So many people buy plants and never get them out of their containers into the ground. There the plants sat, wilting in the hot sun on the porch.
Never assume that an awful-looking house contains an awful person. I recall a 10 minute conversation with a man who lived in a squalorous shack, a Vietnam vet who had much to say about the political situation and had many experiences under his belt. I just about didn't knock because his house didn't look like it was still livable. He struggles with rampant psoriasis from neck to toe. Awful. I was glad I knocked. I almost felt like he gets treated like a leper, and I was happy to take the chance the shake his hand firmly and look him in the eye as we parted, for I know psoriasis isn't communicable.
There were days when I struggled to knock on the next door just out of fear, and out of lack of conviction that I was doing any good. Three times I called it quits early when I met up with a grump and couldn't get over it. But over all, the days I knocked doors were followed by a solid and satisfied sleep.
Plus, I lost 25 lbs. in the process.
It has been two weeks since the election, and I have had plenty of time to think about the whole six month campaign which ended in an unexpected and decisive defeat not just for me, but for all rural Democrats engaged in what were supposed to be close races. The Republicans gained 11 seats and lost none. I was one of three Democrats out of 50 some challengers considered by the press to have a shot. I lost by 1,500 votes.
Looking back, we shouldn't have been surprised. Turnout in mid-term elections is always down, and that always benefits the Republicans. In fact, in many districts, Democrats stay away from mid-term elections at a 7-1 rate over Republicans. When I joined the race, I shrugged that off, thinking I could encourage enough people to turn out to win. I did not. Neither did the substantial efforts of the party on my behalf, which included knocking on thousands of doors and making thousands upon thousands of phone calls. Despite extra help from the state, turnout in the district was 10% below the last mid-term election, 2010.
"It all comes down to turnout." I heard the phrase repeated by the old hands ad nauseum during the campaign. In the end, it was nauseatingly true.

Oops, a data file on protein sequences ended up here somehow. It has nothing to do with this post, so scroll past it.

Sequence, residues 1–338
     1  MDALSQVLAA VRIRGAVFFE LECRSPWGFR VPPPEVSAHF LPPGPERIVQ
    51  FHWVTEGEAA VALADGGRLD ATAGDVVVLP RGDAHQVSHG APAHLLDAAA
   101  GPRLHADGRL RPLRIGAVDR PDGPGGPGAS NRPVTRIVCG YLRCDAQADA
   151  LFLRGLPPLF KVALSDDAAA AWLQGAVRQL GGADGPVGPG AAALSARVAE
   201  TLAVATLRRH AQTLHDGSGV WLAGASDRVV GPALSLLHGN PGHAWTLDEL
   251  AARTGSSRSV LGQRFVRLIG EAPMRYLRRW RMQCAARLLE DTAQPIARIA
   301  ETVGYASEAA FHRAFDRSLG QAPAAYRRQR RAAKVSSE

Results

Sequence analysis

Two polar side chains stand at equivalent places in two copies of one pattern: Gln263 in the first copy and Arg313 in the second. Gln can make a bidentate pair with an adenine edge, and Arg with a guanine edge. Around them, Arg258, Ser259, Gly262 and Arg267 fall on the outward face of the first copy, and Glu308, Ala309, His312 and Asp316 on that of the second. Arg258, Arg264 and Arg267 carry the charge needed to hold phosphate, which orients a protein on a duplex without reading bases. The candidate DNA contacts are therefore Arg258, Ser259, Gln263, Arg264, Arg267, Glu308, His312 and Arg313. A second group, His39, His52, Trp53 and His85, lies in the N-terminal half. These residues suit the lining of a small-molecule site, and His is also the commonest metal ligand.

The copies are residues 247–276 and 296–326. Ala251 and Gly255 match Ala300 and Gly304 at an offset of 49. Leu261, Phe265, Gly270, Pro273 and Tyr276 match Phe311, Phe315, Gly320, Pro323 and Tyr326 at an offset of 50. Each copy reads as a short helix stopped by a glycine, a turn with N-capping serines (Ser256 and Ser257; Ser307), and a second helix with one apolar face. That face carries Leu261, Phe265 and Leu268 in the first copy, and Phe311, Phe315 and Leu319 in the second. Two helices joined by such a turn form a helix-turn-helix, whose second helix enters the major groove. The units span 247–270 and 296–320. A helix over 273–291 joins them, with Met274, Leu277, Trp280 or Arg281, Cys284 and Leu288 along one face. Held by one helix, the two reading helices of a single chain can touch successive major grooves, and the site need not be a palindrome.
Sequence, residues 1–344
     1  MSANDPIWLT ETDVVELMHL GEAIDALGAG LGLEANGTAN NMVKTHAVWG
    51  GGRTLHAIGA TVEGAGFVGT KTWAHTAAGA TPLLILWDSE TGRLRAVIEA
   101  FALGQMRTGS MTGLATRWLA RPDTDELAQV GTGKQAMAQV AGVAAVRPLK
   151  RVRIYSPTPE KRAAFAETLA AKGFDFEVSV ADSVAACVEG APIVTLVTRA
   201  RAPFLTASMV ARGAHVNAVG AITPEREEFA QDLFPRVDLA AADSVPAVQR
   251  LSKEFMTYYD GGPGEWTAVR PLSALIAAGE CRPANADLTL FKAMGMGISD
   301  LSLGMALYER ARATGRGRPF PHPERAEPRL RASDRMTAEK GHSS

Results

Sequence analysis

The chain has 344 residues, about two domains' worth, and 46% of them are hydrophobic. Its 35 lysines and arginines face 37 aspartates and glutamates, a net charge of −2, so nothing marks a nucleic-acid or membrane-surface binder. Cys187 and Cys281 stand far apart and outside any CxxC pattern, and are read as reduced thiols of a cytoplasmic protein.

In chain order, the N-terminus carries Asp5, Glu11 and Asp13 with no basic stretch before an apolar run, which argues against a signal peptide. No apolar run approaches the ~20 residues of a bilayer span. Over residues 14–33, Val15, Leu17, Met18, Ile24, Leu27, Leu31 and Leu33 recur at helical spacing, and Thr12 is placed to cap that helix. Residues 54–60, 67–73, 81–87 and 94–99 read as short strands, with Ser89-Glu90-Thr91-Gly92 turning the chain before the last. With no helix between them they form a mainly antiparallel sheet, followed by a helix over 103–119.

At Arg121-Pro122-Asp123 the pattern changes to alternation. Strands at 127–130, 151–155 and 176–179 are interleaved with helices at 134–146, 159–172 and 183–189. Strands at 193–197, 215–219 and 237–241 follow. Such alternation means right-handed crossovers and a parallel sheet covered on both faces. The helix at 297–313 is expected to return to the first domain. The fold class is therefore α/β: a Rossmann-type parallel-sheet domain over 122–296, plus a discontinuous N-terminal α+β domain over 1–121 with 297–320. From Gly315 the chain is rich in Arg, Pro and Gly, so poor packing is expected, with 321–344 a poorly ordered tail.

So, the obvious question in the minds of people who helped is, "will you run in two years?"
It is too early to even think about that. If I did, I would be a better candidate from the experience gained during this campaign. I would have a better chance to win simply because it will be a presidential year. But I have to fully absorb the lessons of this campaign–not just political lessons, but life lessons–before discussing a possible run in 2016.
After nearly a week of moving, all of our stuff is under one roof. It took over twenty car loads and six pickup loads. I never imagined we hauled that much stuff in. But we were also preparing the Swamp Castle for a renter, who left a week ago.
Now, I am basking in the house that I designed and had built. I appreciate it all the more after spending six months in a very nice duplex, but one without the Swamp Castle's bells and whistles–and location. And it is great to be back out in the woods watching the snow fall in silence.
As for the eight-month experience of running for office, it is a blur. It was so unlike anything else I have ever done that it has taken on a dream-like quality. I sit here in the same chair I sat in and in the same office as I watched early morning snow fall last March, but so much happened in between.
The campaign changed my view of the world in many ways. It was an education. How it changed my view, and what sort of an education–it will take me time to figure out.
The election is over. I lost. I will discuss that later. Otherwise, Lance and I have been busy moving from the apartment in Fertile back to the Swamp Castle. I also spent two days finding and pulling up yard signs. It is time to reset our life back to where it was before I decided to run for the District 1B seat.
I am ever-ambivalent, which allows me to enjoy the best of most situations. I would have been elated to win, and would have immediately started work. But, having put in a good effort and having lost by a margin convincing enough to assure me that nothing more I could have done would have changed the result, I am happy to take advantage of the clean, empty slate that lies ahead of me. Until everything is unpacked and reset, however, I have no idea what the future entails. I can't even find a pen. Or a shirt. Or the pepper. Or the coffee filters.